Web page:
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New York’s law prohibiting incarcerated felons and parolees from voting does not violate the federal Voting Rights Act, the 2nd U.S. Circuit Court of Appeals has ruled. The court rejected an inmate’s claim that racial disparity in sentencing results in violations of the act. Congress did not clearly state its intent to include disenfranchisement statutes when it moved to toughen the law in 1982, the court said. The issue decided in Muntaqim v. Coombe, 01-7260, was identical to one that deadlocked a 10-judge en banc review by the circuit in 1996. This time the court was responding to a challenge to the disenfranchisement statute, N.Y. State Election Law � 5-106, brought by prisoner Jalil Abdul Muntaqim. The application of the federal act “to felon disenfranchisement statutes such as that of New York would infringe upon the state’s well-established discretion to deprive felons of the right to vote,” the court said. Muntaqim, a black man incarcerated at the Shawangunk Correctional Facility, claimed the law violated � 2 of the Voting Rights Act of 1965, 42 U.S.C. � 1973, because “it results in a denial or abridgment of the right of any citizen of the United States to vote on account of race or color.” Muntaqim argued that while the statute did not intentionally discriminate, it had the practical effect of diluting black and Hispanic voter rolls because the racial disparity in New York’s prisons is driven, in part, by discriminatory sentencing practices. As part of his argument, he said that although blacks and Hispanics make up less than 30 percent of the voting-age population in New York, they make up more than 80 percent of the inmates in the state prison system. Muntaqim turned to the 2nd Circuit after the state’s motion for summary judgment was granted by Northern District Judge Norman A. Mordue. Second Circuit Judge Jose A. Cabranes said that 1982 amendments to the law prohibit any voting qualification or standard that “‘results’ in the denial of the right to vote ‘on account of’ race.” In the 1996 review of the same issue in Baker v. Pataki, 85 F.3d 919, five members of the circuit found that “it is not unmistakably clear that, in amending � 1973 in 1982 to incorporate the ‘results’ test, Congress intended the test be applicable to felon disenfranchisement statutes.” An equal number said the statute clearly applies to felon disenfranchisement statutes. They rejected the argument “that there is ambiguity in the Voting Rights Act that requires it contain a plain statement of congressional intent to affect felon disenfranchisement.” Cabranes noted that further division on the issue has emerged recently with the 11th and 9th circuits’ concluding that the act applies to felon-disenfranchisement statutes. CONGRESSIONAL INTENT Explaining the 2nd Circuit panel’s disagreement, he wrote:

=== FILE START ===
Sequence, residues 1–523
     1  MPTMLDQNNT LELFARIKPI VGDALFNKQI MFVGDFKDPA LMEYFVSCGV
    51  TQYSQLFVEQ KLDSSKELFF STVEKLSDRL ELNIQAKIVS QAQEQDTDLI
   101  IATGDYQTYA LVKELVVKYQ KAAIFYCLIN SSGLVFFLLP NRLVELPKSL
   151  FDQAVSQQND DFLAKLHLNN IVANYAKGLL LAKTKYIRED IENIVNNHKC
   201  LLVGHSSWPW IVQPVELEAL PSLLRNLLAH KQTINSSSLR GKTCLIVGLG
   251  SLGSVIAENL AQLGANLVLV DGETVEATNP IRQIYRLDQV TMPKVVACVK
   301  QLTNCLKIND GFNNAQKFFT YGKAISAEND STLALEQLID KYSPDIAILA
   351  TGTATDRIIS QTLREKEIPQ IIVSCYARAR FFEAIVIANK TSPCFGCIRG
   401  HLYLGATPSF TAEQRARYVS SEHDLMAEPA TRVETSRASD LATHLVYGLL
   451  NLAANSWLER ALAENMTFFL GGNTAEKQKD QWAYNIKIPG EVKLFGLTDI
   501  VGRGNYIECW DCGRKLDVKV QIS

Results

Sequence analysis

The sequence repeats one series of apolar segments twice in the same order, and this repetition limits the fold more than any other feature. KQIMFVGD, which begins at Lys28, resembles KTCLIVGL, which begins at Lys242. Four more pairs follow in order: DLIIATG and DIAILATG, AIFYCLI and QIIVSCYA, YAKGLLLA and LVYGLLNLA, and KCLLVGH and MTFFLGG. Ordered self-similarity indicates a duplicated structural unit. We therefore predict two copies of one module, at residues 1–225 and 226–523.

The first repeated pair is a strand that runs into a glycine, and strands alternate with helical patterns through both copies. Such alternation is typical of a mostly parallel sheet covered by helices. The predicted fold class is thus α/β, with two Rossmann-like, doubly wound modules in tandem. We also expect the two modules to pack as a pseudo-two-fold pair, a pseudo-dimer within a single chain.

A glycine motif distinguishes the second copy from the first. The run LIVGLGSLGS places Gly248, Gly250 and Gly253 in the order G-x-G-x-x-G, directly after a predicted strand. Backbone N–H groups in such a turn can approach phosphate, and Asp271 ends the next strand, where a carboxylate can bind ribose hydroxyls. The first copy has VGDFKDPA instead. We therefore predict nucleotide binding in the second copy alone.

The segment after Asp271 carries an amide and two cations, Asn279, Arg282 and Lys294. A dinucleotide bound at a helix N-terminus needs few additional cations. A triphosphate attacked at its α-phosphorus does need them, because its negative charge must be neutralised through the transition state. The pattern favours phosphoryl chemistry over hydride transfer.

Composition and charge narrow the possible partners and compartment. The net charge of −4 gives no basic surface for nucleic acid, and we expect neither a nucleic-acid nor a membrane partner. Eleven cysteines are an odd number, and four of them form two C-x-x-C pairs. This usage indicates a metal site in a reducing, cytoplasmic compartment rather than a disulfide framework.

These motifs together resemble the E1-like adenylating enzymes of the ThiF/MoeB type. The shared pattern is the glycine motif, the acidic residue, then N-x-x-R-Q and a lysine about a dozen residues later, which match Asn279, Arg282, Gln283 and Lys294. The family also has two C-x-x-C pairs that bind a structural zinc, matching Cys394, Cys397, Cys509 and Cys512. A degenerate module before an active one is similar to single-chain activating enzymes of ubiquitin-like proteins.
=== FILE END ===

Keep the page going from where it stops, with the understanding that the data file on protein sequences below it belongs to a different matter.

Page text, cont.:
In light of relevant Supreme Court precedents, including decisions of the Supreme Court that post-date Baker, we believe that the application of � 1973 to � 5-106 would alter the traditional balance of power between the States and the Federal Government. Accordingly, we conclude that, in the absence of a clear statement from Congress indicating Congress’s intent to infringe upon the states’ authority to prohibit felons from voting, � 1973 should not be construed to extend to state felon disenfranchisement statutes.

The circuit, he said, had found no such clear statement from Congress “or even in its legislative history.” “On the one hand, despite the presence of the word ‘results’ in � 1973, it is apparent that � 1973 does not prohibit all voting restrictions that have a racially disproportional effect,” he wrote of the Voting Rights Act. “On the other hand, the main purpose of the 1982 amendment to the VRA was to establish that a state actor can violate the VRA without engaging in purposeful discrimination.” In passing the 1982 amendment, he said, Congress was “responding to a well-documented problem — namely, that State legislators motivated by racial animus were voiding the strictures of the Voting Rights Act by enacting facially neutral election laws that disproportionately affected black voters.” But in the circumstances presented by this case, he said, even though � 1973 as amended in 1982 does not require plaintiffs to show that legislators “acted with invidious, discriminatory purpose in enacting a challenged voting rule, we conclude that � 1973 … requires some demonstrable causal connection between a challenged voting rule and purposeful racial discrimination.” TEST UNKNOWN He said the court did not need to decide “exactly how” a plaintiff would prove this connection or determine “how direct the causal connection between the racial discrimination and a challenged voting rule must be to meet the requirements of � 1973.” “For our purposes, it is enough to conclude that, based on both the language of the amended VRA and the statute’s legislative history, a plaintiff must allege that racial discrimination has caused either vote denial or vote dilution,” he said; ” … however, a plaintiff need not allege that the specific rule or qualification at issue was itself motivated by racial bias.” In conclusion, he said the judges “believe that felon disenfranchisement statutes — in light of their longstanding and widespread acceptance throughout the country, as reflected in the text of the Fourteenth Amendment — enjoy a presumption of constitutionality that is not necessarily attached to other voting rules.” Judges Thomas Meskill and Richard J. Cardamone joined in the opinion. Jonathan W. Rauchway, J. Peter Coll Jr., Cleo A. Jones and Tara J. Myslinski of Orrick, Herrington & Sutcliffe represented Muntaqim. Assistant Solicitor General Julie M. Sheridan, Solicitor General Caitlin J. Halligan and Senior Counsel Peter H. Schiff represented New York state.

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